The theory is that it will be convenient to have an open layout, but people know that they have to ensure that they have to arrange it, or the space would quickly become cluttered. It may sound surprising, but as a means of streamlining how they live on a routine basis, individuals are heading back to separate areas. Still, an open concept floor plan is strongly coveted when looking for a new home for most buyers.
Open living spaces allow the coexistence of independent activity and social togetherness: family members may do their activities and engage with each other. And the kitchen, dining room, and living room merge into one massive party area for gatherings.
The spaces which the open floor house plan covers
An open concept home does not mean that all rooms are interconnected. Neither does it mean that between the bedrooms that there were no walls at all. Open living spaces are specific to communal areas only.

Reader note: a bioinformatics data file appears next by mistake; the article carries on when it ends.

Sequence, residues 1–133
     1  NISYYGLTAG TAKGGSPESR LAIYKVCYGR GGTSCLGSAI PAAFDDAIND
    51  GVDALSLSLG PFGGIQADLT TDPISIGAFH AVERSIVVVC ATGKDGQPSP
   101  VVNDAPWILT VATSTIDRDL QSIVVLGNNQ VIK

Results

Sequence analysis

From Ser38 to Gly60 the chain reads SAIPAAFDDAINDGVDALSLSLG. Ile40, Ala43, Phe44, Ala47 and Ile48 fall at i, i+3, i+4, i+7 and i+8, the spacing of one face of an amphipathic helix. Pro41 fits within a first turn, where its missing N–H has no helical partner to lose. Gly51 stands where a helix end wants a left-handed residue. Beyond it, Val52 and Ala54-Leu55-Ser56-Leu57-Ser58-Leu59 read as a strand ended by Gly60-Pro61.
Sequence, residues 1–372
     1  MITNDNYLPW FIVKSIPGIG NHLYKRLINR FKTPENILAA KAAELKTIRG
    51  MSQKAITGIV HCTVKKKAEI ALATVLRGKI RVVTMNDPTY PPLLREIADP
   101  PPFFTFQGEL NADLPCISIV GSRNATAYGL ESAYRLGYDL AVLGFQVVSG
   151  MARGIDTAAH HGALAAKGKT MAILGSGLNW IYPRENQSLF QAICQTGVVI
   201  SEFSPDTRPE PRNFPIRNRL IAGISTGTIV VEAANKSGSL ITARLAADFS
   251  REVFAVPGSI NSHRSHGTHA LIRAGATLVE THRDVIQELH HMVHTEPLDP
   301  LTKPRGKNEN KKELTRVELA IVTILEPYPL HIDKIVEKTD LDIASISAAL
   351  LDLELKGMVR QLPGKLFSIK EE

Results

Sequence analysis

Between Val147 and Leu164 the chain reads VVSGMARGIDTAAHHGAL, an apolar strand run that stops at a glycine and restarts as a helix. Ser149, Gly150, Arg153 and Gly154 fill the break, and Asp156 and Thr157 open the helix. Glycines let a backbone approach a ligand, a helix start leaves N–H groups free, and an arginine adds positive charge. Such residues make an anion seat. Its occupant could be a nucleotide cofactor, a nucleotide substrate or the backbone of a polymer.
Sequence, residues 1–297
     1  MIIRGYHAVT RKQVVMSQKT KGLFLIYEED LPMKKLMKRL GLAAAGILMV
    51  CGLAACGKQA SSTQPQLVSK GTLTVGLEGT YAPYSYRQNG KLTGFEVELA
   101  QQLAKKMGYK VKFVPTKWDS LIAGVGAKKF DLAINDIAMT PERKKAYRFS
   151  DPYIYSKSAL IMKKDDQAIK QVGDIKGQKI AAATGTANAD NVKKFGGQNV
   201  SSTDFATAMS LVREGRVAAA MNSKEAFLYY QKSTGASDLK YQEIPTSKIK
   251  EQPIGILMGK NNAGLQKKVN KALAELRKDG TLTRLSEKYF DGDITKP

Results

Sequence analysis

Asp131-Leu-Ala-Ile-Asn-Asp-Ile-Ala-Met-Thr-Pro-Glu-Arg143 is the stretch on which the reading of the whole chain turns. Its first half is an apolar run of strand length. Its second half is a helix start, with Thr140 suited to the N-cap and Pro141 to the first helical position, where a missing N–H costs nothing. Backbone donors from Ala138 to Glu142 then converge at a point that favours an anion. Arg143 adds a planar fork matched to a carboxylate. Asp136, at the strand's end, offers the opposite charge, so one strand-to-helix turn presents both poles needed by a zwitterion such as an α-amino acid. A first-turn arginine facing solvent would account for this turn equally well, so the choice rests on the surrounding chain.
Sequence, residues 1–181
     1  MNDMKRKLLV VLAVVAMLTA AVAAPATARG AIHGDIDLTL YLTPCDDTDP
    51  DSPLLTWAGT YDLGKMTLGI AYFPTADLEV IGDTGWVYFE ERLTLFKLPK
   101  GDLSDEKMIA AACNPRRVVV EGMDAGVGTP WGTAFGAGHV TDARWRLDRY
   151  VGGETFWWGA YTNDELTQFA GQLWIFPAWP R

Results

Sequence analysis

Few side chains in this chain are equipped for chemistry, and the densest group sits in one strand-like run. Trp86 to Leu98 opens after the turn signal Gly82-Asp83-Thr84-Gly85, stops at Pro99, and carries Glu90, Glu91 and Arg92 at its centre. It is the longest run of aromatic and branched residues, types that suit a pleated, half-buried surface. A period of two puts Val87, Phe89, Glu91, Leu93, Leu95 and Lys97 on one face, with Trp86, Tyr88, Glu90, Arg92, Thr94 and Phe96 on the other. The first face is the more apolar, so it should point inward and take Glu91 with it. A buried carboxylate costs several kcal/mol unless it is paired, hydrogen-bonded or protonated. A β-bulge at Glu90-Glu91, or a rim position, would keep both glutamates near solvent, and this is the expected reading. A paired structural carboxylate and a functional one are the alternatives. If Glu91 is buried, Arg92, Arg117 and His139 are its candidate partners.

The spaces not included in the open area plan are Bathrooms, powder rooms, bedrooms, and office floor plans. Open living spaces will commonly contain a variation of a kitchen, dining area, and living room.
Kitchen and dining room: One shared space also shares a living and dining area. A kitchen island or peninsula often serves as a significant dividing line in both places.
The dining room and living room: One common area is a dining area and a living room. In the shape of a short series of stairs, two contrasting colors of paint, staircases heading to a submerged area, or railings, the visible dividing line might be.
Kitchen/dining/living room: In an extensive, broad room, perhaps with a great room, all three areas can be associated.
Ways to accessorize your open floor plan
Since the open-floor layout does not include walls to divide rooms, segregating the open spaces can be very difficult. Therefore, a great place to introduce is to segment the region according to its operation. To mark the beginning of the living room, place a sofa and a console table just outside the kitchen area. Now, by putting a floor-rug in the middle, mark the space.